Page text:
If you haven’t already seen “The Blues Brothers,” watch it now. While you do, keep an eye out for Ray Charles singing Shake A Tail Feather – if you manage not to shake your own tail feather while it’s playing, you’ll be the only one who ever has. A hugely fun, wonderfully danceable piece of rock and roll, it distills everything there is to love about Ray Charles into one, glorious performance. The song was actually a hit for the Five Du-Tones first, reaching No.28 on Billboard’s Hot R&B Singles chart in 1963, but like everything else he touched, Charles made it his own.

4. Ain’t But The One

Ray Charles was never averse to sharing the mic, especially if the person he happened to be sharing it with was Aretha Franklin (and really, who can blame him?) In 2007, Atlantic released Rare & Unreleased Recordings From The Golden Reign of the Queen of Soul, a collection of previously unheard recordings from Franklin. One of its highlights is Ain’t But The One, a glorious, full-on gospel duet with Charles in which both singers give the performance of their lives without any attempt to overshadow the other.

3. I Can’t Stop Loving You

In 1957, Dong Gibson took I Can’t Stop Loving You to No. 7 on the Billboard Hot Country Songs chart. Since then, over 700 other artists have recorded the song. Some of those versions have been excellent, but very few match the brilliance of Ray Charles’. Charles dialed up the desperation of the original, added a backing choir, and injected enough grandeur into the sadness to turn a good song into an astonishing one. Released as a single from Modern Sounds in Country and Western Music, it climbed all the way to No. 1 on the Billboard Hot 100 in 1962.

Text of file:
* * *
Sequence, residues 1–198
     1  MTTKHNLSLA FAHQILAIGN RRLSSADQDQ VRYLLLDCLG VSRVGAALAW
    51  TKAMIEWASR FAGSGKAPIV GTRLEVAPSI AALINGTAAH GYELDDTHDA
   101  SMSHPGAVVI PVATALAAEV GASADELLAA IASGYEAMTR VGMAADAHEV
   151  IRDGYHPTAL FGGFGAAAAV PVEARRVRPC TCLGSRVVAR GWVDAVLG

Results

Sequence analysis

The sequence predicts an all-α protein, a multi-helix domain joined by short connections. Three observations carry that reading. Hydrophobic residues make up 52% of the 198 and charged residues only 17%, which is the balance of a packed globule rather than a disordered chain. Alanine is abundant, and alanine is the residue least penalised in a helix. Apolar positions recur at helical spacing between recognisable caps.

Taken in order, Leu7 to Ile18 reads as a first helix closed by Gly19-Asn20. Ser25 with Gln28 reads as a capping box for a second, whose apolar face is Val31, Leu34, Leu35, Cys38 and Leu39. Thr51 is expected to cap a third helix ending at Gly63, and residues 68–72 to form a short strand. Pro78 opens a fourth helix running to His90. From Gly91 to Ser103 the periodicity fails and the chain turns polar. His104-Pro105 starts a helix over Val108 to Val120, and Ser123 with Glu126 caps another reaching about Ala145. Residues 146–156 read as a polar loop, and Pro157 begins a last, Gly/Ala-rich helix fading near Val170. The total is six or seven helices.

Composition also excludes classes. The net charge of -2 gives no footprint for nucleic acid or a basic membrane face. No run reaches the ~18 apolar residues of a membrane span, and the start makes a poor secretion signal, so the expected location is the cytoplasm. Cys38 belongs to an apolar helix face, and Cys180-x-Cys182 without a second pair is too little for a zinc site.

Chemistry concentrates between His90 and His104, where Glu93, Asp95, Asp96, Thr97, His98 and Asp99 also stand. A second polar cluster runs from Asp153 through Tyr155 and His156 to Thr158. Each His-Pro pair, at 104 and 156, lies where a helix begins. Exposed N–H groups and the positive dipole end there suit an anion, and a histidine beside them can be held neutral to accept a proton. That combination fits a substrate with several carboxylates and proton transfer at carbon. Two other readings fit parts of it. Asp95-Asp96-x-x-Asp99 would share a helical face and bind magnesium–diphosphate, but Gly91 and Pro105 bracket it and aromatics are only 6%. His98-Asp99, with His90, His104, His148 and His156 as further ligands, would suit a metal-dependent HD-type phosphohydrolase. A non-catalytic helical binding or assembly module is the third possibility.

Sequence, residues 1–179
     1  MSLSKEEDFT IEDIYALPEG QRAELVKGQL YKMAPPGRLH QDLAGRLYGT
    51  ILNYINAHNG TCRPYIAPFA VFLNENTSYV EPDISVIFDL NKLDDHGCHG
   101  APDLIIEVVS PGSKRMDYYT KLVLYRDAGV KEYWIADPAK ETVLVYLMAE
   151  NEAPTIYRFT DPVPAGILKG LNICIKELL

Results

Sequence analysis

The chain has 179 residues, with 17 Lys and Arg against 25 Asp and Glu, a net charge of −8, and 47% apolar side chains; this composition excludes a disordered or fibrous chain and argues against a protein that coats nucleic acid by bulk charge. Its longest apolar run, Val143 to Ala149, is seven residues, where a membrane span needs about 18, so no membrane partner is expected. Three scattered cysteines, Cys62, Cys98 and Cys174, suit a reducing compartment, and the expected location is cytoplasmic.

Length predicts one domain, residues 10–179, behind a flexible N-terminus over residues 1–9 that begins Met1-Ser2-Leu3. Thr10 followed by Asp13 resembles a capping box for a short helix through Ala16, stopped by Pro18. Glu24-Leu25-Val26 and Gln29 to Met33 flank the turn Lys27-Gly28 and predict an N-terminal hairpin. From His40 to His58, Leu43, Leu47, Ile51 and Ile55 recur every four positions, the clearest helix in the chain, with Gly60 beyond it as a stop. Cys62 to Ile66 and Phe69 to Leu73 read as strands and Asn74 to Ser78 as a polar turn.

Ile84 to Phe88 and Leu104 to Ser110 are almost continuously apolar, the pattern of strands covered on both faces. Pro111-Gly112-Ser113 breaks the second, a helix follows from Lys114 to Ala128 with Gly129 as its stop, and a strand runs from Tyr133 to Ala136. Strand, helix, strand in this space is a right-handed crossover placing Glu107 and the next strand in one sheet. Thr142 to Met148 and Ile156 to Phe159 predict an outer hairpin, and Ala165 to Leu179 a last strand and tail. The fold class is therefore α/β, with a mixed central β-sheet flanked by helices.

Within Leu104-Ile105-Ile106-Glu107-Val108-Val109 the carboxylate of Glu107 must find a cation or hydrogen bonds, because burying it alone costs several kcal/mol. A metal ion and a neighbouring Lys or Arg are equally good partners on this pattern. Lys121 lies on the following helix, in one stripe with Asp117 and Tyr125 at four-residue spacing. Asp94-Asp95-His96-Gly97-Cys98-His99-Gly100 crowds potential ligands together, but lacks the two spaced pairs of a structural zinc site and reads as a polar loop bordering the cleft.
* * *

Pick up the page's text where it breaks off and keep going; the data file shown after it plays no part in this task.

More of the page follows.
2. Unchain My Heart

Unchain My Heart was written by Bobby Sharp about a man who wants to set himself free of his addiction to a woman. Ostensibly anyway, although considering he wrote the song during the height of his drug addiction, he may have been thinking of something else with his pleas to “set me free.” So perhaps, was Charles, who recorded the song in 1961 at the peak of his own drug problems. Regardless, it’s a wonderful song, transcending its bleak subject matter with its bossa nova groove and frantic pace. Released in November 1961, it reached No. 9 on the Billboard Hot 100 and No. 1 on the R&B singles chart.

1. What’d I Say

In late ’58 or early ’59 (reports differ), Ray Charles stood on stage in a small town near Pittsburgh and composed What’d I Say on the spot. He’d run out of songs mid-way through the second set, but determined to give the crowd value for money, told the female vocal group the Raelettes “Whatever I say, just repeat after me,” instructed the band to follow his lead, and proceeded to prove exactly why he was called “The Genius.” What’d I Say isn’t a complicated song, but it is an astonishing one, not least for that utterly mesmerizing, instantly recognizable “ummmmh, unnnnh” bridge. Named by Rolling Stone as the 10th greatest song of all time, it’s still as sweet today as it ever was.